From the author of Come Closer and the Claire DeWitt series comes a highly acclaimed—and unusual—gritty thriller about a missing girl... and the addict tasked with saving her.
Josephine, a former addict, is offered a thousand dollars to find a suburban couple’s missing daughter. But the search will take her into the dark underbelly of New York she thought she’d escaped—and a web of deceit that threatens to destroy her.
After her well-received horror tale Come Closer, you can't blame Gran for trying her hand at a 1950s noir, but her turns on stripped-down conventions are less sharp this time out. Gran's heroine, Josephine "Joe" Flannigan, is a former heroin addict and hooker who has recast herself as a petty thief and con. Working her home turf, New York City's Hell's Kitchen, she is taken up by a mysterious well-to-do couple offering her $1,000 up front and another $1,000 on delivery to find their addict daughter, expelled from Barnard and lost to the streets. The reader never actually sees Joe do any thieving or conning, because she's got that $1,000 to ride on. Instead, Joe's search for the missing coed takes her on a clich -ridden tour of the bare apartments and public parks frequented by the junkies who used to be her friends. (And it's the '50s, so teenagers listen to 45s, and black Chevrolets are still cool.) Joe's troubled relationship with little sister Shelley is a very engaging conflict, but Gran doesn't bring them together often enough. It never occurs to Joe that she may be being conned herself, and her hooker-with-a-heart-of-gold routine wears thin, but she's easy to root for.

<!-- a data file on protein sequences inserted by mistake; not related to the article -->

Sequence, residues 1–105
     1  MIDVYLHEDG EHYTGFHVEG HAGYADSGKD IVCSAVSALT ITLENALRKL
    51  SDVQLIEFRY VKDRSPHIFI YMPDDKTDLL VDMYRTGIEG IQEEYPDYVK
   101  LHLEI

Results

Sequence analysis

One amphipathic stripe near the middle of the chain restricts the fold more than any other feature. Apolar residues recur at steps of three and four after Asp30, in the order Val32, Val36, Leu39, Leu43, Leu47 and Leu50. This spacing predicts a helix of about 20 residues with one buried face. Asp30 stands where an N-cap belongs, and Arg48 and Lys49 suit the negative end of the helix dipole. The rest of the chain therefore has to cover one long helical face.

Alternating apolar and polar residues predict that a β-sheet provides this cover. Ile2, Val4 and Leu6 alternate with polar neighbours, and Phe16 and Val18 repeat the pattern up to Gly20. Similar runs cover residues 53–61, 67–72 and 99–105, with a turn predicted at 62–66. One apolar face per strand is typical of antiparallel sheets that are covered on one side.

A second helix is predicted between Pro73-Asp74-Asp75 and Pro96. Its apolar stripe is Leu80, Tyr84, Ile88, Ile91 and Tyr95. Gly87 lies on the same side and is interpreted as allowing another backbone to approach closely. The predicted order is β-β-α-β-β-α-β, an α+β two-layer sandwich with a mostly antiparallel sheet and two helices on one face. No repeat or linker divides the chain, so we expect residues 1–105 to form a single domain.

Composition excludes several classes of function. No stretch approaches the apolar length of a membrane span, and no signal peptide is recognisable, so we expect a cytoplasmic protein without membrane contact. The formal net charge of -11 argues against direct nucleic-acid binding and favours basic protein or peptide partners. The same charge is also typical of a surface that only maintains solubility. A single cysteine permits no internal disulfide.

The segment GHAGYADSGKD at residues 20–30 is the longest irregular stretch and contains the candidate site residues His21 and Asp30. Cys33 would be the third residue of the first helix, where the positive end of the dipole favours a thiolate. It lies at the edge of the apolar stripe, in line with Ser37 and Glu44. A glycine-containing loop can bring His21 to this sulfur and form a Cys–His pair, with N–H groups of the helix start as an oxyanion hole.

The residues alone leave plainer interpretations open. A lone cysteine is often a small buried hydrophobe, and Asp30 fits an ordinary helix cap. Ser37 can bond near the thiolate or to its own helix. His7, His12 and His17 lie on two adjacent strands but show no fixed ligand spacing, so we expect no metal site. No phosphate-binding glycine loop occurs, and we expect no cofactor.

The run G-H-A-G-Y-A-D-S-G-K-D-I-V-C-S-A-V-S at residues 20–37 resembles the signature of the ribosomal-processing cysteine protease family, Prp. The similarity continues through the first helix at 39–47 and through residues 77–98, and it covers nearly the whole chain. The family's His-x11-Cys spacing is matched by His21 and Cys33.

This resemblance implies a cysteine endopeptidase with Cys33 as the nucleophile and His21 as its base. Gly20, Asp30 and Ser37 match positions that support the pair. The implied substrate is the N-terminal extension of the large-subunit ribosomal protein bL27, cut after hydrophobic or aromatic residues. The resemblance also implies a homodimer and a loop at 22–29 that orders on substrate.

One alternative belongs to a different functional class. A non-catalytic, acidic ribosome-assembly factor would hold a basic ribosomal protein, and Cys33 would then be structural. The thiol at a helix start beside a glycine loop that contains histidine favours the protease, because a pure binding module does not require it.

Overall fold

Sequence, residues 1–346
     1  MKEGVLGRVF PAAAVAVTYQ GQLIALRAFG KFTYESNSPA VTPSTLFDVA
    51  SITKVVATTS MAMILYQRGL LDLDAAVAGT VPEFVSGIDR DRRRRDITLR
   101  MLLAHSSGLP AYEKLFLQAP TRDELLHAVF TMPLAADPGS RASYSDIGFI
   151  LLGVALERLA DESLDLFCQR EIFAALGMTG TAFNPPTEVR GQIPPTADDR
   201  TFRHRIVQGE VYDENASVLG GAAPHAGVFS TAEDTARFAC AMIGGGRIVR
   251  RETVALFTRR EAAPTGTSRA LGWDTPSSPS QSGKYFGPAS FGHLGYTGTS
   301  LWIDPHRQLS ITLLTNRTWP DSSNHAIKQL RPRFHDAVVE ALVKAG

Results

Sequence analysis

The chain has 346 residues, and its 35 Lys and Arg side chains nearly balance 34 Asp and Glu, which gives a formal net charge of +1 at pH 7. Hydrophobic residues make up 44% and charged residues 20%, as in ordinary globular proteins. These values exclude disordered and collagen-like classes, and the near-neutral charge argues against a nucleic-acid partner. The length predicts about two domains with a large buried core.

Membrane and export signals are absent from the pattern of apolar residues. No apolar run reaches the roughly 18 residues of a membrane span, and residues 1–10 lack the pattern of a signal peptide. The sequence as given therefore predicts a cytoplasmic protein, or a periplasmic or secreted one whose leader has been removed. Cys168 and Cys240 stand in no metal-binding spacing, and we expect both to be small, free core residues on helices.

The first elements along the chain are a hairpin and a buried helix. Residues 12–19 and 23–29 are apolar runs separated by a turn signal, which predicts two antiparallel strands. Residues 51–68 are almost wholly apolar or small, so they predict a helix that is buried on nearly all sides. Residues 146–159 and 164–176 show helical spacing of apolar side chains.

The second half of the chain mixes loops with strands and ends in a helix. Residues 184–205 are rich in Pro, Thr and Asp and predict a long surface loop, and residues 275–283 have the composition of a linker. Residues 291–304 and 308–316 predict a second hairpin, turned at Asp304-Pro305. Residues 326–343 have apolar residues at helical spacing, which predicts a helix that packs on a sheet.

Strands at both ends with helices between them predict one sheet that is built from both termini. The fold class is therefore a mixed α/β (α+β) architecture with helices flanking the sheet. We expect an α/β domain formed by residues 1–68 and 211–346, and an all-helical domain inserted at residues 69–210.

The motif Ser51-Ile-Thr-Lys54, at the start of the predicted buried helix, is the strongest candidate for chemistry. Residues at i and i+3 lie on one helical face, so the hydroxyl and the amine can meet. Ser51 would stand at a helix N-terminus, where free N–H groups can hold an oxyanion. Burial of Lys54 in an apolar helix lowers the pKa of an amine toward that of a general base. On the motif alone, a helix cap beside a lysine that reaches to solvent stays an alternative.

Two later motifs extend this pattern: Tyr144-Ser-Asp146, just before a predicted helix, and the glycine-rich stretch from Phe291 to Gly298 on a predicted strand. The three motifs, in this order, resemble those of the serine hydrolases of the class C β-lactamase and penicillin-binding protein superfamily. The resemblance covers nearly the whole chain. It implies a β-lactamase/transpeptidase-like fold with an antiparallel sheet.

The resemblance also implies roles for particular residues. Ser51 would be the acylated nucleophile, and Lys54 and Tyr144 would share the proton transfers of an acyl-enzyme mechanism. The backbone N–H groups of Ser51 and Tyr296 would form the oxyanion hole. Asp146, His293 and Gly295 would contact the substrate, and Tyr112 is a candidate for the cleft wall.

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Wished the ending explained more.
You'd expect to find the names "Chandler" or "Hammett" gracing the spine of this book. The fact that you instead find "Gran" in their place is surprising, but all the more exciting, because it hints that another master of the genre has emerged.